3 Answers

  1. If we are talking about the history of Russia, then you can simply try to record the full course of Klyuchevsky on the player (4 gigabytes, 101 hours). After the fifth or sixth audition, I think there will be quite a lot left in my head. Vasily Osipovich's language and style are quite light and fascinating.

  2. I've answered a similar question before. So much for you:

    Two options:

    1) Archaic

    2) Consistently

    In any case, first you should decide which country's history you want to know. Let's assume that Russia.

    The first option is archaic. In other words, we choose any milestone in history that is most interesting for you personally, and begin to study it thoroughly. In the process of getting acquainted, you will have a huge number of questions about neighboring milestones. By combining all the points in a complex way, you will eventually get a complete picture. And you can fill it out with details for the rest of your life, and never finish it.

    The second option is sequential. We choose a starting point, for example, let it be the Baptism of Russia, and move melancholically towards the reign of Ivan the Terrible, then we reach Peter I, the Romanov kingdom, the revolution of 17, Lenin, Stalin, WWII, the death of Stalin, the Cold War, Gorbachev, the collapse of the USSR, Yeltsin, Putin, Medvedev, Putin again. In my opinion, the main thing is to have a general picture of the course of history before your eyes. What happened, where and when, why it happened, and how it all ended. Any method guarantees you to get a general idea of most of the world, because it is impossible to study the history of the Second World War without touching on the history of the Second World War, while not learning about the rise of Germany after the failure in the First World War, about how Hitler rose from a simple volunteer in the army, sitting in a trench, to the Supreme Commander of the Third Reich, and so on. But be careful, you will always be bombarded with biased interpretations of what happened. Draw your own conclusions.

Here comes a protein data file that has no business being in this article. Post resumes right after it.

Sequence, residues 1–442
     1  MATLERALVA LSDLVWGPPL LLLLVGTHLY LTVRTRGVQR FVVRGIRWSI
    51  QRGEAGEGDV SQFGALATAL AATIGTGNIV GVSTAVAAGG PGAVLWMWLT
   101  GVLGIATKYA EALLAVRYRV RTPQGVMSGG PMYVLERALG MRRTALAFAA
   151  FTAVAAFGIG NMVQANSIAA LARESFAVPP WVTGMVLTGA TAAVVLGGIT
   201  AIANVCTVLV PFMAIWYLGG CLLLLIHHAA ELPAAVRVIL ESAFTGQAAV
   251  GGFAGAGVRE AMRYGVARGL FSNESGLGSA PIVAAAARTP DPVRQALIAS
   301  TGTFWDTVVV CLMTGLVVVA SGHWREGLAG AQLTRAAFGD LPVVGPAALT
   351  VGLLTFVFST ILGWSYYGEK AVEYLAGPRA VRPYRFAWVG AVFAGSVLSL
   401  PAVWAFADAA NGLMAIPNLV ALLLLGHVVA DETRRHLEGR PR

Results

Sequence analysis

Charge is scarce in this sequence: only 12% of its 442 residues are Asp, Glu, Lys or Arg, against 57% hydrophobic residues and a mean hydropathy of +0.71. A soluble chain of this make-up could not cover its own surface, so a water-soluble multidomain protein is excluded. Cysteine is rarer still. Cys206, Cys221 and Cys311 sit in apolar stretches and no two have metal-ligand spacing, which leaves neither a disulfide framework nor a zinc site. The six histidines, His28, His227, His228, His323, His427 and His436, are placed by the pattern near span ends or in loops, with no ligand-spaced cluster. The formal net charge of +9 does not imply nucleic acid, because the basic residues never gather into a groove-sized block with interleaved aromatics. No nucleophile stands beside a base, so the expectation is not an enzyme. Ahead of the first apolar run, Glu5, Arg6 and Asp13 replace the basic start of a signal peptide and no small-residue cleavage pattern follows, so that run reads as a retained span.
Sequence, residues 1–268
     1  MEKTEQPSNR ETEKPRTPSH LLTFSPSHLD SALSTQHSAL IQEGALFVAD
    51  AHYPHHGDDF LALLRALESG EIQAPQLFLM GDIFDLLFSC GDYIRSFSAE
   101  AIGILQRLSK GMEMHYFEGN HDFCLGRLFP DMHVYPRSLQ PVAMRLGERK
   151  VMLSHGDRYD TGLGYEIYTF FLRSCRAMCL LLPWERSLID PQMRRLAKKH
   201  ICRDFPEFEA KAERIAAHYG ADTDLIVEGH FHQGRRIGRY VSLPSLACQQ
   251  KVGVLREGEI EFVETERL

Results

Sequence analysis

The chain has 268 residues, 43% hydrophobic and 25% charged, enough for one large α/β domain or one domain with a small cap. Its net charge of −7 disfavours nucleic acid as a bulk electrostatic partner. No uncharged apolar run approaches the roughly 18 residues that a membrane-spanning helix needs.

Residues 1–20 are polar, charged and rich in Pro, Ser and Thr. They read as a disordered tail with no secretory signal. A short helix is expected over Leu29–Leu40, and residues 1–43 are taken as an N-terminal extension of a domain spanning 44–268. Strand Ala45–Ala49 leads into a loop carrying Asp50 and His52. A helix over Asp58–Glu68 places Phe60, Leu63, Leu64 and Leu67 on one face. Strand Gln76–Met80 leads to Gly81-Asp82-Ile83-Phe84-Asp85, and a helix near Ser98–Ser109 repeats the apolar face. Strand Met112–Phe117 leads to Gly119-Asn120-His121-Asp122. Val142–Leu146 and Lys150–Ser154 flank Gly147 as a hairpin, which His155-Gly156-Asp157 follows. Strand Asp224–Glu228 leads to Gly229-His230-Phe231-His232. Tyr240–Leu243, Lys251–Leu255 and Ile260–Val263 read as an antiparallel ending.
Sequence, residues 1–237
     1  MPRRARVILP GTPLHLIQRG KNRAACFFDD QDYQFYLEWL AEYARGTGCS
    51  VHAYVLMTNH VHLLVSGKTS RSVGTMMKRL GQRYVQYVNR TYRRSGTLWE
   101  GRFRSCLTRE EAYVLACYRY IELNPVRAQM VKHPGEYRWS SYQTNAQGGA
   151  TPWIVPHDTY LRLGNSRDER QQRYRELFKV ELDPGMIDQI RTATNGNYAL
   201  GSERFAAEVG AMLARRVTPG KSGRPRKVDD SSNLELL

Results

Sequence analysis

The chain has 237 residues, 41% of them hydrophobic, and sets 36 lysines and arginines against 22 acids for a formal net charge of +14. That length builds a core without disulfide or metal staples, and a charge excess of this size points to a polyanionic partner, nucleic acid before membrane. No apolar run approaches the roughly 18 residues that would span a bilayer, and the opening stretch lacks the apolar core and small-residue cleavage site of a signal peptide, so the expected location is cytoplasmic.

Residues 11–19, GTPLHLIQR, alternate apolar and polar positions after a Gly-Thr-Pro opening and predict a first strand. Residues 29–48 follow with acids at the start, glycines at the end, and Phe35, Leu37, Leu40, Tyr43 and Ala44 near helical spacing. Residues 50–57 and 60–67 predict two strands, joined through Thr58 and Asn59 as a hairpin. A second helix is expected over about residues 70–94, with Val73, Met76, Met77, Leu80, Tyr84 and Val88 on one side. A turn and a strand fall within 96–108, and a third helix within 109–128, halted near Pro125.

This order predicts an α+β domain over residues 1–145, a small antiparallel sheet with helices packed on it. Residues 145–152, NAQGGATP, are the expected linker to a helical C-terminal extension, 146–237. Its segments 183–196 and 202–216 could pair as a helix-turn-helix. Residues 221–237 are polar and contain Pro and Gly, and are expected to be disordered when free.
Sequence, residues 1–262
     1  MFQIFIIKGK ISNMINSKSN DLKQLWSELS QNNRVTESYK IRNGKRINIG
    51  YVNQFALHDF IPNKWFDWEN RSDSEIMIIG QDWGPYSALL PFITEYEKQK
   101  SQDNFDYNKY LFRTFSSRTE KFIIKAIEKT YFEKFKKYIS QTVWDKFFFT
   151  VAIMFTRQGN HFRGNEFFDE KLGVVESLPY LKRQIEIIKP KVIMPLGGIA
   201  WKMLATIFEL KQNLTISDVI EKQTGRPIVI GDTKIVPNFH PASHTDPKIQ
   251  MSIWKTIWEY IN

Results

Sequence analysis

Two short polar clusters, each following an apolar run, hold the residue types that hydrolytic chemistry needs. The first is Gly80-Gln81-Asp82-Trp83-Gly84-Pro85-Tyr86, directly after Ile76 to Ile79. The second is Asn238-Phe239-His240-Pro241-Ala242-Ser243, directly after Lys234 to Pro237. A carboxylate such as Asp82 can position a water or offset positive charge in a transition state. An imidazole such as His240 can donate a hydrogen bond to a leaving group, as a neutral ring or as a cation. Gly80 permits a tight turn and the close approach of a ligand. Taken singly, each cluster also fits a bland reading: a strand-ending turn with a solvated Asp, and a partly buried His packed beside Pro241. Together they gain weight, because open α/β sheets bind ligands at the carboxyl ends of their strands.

Along with the above, you will learn about discoveries in various fields, because history is not only about wars and revolutions, it is also about art, the personal qualities of heroes of different times, culture and much more. But I will repeat once again that you can understand the details for the rest of your life, and I do not advise you to do this if during this journey the story suddenly does not become your meaning.

    At one time, I went for the first, most difficult option. It took me a year and a half to create a more or less formed image, but I still remain an amateur, which I advise you to do, because, as you know, success is a bad teacher. Socrates, for example, the more he learned (read as “expanded the picture of the world”), the more often he repeated: “I know I don't know anything.” So don't worry, you won't know everything anyway, but at least you need to know something. Otherwise, what else is there to live for, if not to comprehend the benefits of the legacy left to us by previous generations?

  3. What's the story? It's different for everyone, but I'd start with some basic blockbusters to get a taste of the story. For example, the movie Troy or Alexander. Without curiosity, learning history is quite difficult. I studied Russian history in this order: I watched Leonid Parfenov's films about the Russian empire, then read a school textbook, then studied diagrams and tables. Then you can explore specific sources.�

    If you are interested, for example, in the 20th century, then I can recommend lectures by Alexander Shubin. Better than any TV show:�

    histrf.ruBut, again, we need specifics. It is not entirely clear what kind of story we are talking about.

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